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abit of falling off in the concluding phrase, | This had the effect of drawing forth a summons for hough it probably arises from unavoidable ber presence at the Imperial Court, and the very on, is nevertheless very injurious to the next season she appeared at Vienna in German effect of the air, and leaves an impression opera. ness upon the ear. Signor Rovere may Here she attracted the notice of the great Barerable buffo actor for a provincial theatre, baja, lessee of San Carlo, La Scala and the Italian has no business to sing such songs as Opera at Vienna, and, amazed at the genius of the nina" from the “Don.” Those who have débutante, he immediately offered her an engage. e stupendous Lablache roll forth the same ment at the San Carlo. "This was unbesitatingly doleni of mingled comic and sentimental refused for her by her parents, who had a vill have little relish for Signor Rovere's wholesome dread of the perils that would await vocalization and obtrusive humor.
a young and lovely girl in the luxurious land rere much pleased with the way in which of Naples. Barbaja with considerable difficulty lestra played the overture to William Tell
. prevailed on them to allow her to appear on Arditi did that magnificent work justice, the boards of the Italian Opera at Vienna. ras pleasing to hear scenic music such as Here she met Rubini and the great Lablache; dered so effectively by men who have been here too she had the opportunity of studying y called together for an occasion.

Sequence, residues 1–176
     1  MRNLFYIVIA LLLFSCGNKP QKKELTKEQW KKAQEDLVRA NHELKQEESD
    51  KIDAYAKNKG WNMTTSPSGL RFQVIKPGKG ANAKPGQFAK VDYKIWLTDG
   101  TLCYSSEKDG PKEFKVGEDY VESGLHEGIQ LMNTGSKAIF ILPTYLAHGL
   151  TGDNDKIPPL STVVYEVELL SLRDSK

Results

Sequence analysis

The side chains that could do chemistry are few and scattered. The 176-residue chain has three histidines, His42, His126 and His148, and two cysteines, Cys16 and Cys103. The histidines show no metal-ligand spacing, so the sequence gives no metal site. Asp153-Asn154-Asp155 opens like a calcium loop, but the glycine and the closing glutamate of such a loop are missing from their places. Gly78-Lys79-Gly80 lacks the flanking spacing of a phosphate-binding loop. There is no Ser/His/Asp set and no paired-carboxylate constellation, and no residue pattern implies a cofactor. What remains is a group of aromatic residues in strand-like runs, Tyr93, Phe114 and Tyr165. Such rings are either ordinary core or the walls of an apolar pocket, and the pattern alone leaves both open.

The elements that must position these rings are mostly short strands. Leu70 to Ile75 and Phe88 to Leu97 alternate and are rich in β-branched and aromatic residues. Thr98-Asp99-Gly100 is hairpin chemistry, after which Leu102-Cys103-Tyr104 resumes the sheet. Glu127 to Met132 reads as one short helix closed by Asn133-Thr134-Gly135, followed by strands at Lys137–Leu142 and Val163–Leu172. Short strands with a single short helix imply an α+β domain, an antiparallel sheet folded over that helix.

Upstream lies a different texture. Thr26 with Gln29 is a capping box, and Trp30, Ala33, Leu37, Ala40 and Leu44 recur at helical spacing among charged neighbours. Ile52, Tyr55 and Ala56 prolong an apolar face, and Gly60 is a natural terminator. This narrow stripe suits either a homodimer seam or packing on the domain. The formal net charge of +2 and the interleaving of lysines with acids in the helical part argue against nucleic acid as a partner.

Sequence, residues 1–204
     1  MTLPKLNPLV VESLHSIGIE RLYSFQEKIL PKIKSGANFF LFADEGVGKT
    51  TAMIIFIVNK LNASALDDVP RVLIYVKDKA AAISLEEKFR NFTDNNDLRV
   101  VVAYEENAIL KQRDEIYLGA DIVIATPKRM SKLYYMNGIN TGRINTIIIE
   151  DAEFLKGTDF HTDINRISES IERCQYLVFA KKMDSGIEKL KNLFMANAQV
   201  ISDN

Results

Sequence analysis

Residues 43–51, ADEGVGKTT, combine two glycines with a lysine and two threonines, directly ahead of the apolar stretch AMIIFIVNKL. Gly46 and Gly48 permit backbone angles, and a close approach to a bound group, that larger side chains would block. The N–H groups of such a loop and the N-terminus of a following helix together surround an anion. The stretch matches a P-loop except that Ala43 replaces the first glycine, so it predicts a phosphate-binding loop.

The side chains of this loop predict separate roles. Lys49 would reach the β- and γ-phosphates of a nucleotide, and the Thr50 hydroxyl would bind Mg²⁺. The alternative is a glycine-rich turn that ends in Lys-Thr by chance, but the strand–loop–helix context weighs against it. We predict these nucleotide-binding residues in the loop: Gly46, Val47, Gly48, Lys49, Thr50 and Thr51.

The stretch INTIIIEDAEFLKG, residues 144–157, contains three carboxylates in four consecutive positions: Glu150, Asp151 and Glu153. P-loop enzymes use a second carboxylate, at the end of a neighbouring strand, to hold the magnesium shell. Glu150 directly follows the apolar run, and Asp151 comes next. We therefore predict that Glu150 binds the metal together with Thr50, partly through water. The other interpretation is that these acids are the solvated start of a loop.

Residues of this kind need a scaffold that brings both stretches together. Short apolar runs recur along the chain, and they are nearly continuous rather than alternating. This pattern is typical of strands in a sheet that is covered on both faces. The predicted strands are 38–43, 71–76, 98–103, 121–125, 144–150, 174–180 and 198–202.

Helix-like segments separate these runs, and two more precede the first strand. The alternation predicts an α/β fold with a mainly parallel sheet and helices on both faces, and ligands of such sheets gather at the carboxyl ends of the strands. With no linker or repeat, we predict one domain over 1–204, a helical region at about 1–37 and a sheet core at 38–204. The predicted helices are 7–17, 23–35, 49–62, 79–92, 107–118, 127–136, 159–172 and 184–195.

the admirable style of Madame Fodon, whose
dramatic powers were unsurpassed. She next LIETTE SONTAG, COUNTESS DE Rossi.— There visited Leipzig and Berlin. At the latter place a e persons so fortunate as to have their bio- storm of indigoation assailed her on her first ap; s as much linked with the history of na- pearance, and for an entire balf hour she stood of art. With one side illumined by bistori- alone upon the stage, braving the storm of abuse inction, and the other gilded by genius, they which was showered upon her for forsaking her rough life admired by all phases of society, fatherland for the brilliant French capital. The
they shine for all. Amongst this class of students, however, grew tired of attacking a resoi individuals may be ranked Madame de lute but defenseless woman, and from that evening once world-famed as Henriette Sontag. forth the applause that greeted her more than dy's life has been as great a romance as compensated for the complimentary insults with the mirnic scenes in which she herself has which she had been first greeted. It was at Paris ; and through grandeur and misfortune, that Sontag first met the great Malibran, and aly and wealth, she has passed with a reputa- though she had there to compete besides with Pasta faultless and unbleinished as her genius and Pisaroni, she at once took her place as an equal le de Rossi was born at Colbenz, in Prussia. of those wonderful artists. In the year 1828, the old arentage was humble, but she could claim King of Prussia, in whose favor Sontag stood high, tisfactory dignity of having sprung from a hearing that she was about towed a Sardinian noblef artists.